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New York City’s Restaurant Owners are Stealing Servers’ Wages and Tips – Here’s What You Do About it

February 2nd, 2020 Christopher Davis

Wage theftWage theft is commonplace in the restaurant industry from fast-food to upscale eateries.  In fact, the Department of Labor’s estimated that 84% of restaurants had violated labor standards including wage and tip laws from 2010 to 2012. In recent years, countless food service workers have sued their employers for these violations.  For example, McDonald’s paid $26 million to settle wage theft accusations from its cooks and cashiers in California this past November. In 2017, TGI Friday’s paid $19 million and Blue Hill at Stone Barns, named the best restaurant in America by Eater, paid $2 million for mismanaging tips and failing to pay overtime.  

The restaurant industry is permeated with labor law violations, but its workers are some of the most economically vulnerable. According to the Bureau of Labor Statistics, food service workers had a median salary of $21,750 or $10.45 per hour in 2018.  46% of tipped workers and their families depend on public benefits for assistance as a long-term subsidy for their low incomes. Ultimately, Saru Jayaraman, co-founder and director of the Restaurant Opportunities Center United says that “the poorest workers in America are being stolen from the most.”

What is Wage Theft? 

Wage theft occurs when a business intentionally or unintentionally withholds some of a worker’s pay. Tipped restaurant industry workers are more susceptible to wage theft because they do not have to get paid the federal minimum wage of $7.25 per hour.  Employers are only required to pay their tipped workers $2.13 per hour in direct compensation if that amount in addition to their tips equals the federal minimum wage. Many employers take advantage of this complex system to overwork and underpay their tipped employees.  In the restaurant industry, wage theft commonly takes place when employers pay the tipped minimum wage of $2.13 for non-tipped work like cleaning dishes, refuse to pay overtime, call for employees to perform off-the-clock work, pool the tips, or fail to provide meal breaks.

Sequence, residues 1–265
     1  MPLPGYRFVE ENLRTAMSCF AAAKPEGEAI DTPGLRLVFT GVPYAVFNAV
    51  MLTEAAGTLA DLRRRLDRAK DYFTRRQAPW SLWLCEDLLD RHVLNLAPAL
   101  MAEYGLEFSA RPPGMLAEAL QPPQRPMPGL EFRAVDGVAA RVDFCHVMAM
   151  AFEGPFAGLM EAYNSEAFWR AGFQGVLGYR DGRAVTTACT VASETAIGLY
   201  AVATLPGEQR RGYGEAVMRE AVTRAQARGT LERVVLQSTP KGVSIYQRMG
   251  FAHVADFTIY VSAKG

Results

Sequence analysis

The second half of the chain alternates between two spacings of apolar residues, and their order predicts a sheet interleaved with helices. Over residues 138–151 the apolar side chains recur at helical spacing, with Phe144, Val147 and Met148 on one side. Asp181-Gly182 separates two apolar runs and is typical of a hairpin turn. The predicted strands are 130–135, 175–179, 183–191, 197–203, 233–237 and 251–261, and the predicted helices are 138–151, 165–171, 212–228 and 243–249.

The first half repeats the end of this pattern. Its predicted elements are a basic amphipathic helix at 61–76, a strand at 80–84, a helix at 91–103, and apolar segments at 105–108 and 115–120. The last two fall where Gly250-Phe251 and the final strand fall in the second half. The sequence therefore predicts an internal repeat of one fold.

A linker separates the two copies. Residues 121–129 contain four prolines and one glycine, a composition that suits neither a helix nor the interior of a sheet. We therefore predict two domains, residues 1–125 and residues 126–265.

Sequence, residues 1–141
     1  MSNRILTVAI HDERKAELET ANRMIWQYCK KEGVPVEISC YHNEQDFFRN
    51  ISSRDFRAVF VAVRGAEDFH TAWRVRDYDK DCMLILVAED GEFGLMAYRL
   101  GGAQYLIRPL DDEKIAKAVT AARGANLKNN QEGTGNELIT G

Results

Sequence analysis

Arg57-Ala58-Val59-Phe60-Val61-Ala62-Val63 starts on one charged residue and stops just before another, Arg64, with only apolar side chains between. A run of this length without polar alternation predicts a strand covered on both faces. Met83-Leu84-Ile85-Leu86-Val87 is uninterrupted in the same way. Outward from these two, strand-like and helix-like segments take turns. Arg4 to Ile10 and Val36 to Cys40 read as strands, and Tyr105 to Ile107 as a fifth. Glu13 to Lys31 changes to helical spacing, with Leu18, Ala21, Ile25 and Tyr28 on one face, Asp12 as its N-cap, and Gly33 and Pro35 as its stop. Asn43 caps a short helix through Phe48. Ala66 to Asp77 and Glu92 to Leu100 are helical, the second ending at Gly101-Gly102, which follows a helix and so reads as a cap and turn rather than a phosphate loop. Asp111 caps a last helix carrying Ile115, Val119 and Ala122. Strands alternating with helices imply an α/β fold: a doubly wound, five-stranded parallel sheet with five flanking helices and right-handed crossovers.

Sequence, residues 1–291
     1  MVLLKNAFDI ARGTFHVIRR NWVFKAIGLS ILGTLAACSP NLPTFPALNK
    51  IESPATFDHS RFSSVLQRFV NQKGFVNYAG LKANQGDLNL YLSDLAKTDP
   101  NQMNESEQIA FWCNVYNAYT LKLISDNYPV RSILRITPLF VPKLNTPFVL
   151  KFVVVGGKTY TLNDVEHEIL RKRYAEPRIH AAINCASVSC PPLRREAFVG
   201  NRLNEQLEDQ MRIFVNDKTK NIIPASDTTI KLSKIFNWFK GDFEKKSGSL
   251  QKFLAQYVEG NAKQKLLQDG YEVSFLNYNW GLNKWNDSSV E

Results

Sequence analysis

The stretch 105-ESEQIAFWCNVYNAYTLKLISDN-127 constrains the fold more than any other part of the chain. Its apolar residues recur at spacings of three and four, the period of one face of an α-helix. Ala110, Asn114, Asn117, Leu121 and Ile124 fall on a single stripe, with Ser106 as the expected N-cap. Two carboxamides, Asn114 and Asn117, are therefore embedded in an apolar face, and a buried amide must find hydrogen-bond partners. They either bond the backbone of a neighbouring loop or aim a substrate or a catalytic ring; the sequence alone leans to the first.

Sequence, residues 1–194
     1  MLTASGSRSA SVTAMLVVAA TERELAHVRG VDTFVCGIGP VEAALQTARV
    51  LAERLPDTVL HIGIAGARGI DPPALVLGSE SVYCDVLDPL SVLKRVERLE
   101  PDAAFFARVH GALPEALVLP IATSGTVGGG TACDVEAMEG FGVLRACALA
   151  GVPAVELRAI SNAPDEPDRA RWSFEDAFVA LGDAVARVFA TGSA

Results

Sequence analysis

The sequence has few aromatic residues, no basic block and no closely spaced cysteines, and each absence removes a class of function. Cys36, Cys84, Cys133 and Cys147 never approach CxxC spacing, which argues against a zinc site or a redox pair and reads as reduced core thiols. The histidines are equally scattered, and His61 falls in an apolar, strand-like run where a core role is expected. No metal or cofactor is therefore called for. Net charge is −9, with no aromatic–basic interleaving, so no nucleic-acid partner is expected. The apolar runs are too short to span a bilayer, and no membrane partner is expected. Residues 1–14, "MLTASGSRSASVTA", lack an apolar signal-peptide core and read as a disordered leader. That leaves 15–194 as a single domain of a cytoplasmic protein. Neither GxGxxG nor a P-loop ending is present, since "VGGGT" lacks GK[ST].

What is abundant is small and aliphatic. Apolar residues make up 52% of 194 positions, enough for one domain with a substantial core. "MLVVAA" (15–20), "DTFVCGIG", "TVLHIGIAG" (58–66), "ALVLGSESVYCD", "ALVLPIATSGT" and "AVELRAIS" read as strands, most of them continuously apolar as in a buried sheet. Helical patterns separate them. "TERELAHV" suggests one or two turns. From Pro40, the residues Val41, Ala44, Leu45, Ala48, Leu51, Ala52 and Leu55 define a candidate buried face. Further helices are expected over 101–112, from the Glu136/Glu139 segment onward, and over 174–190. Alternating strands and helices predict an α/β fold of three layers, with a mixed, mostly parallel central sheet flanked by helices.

How to Prevent Wage Theft

Tipped restaurant industry workers should be aware of their rights under the Fair Labor Standards Act to challenge their employers if they believe they are being underpaid.  Employees are protected by anti-retaliation laws to seek legal assistance in order to claim the payments that they are owed without repercussions from their employers.  Seven states have enacted laws that require tipped workers to be paid the state’s full minimum wage, allowing them to receive 15% more than tipped employees in other states. Many argue that “one fair” minimum payment for tipped and nontipped workers could prevent these workers from being exploited in the future. 

Seek Legal Assistance

If you are a victim of wage theft, seek legal assistance today. The Working Solutions Law Firm, located in New York City, can assist you. Contact us today at (646) 430-7930 to schedule a free case evaluation and receive experienced legal counsel.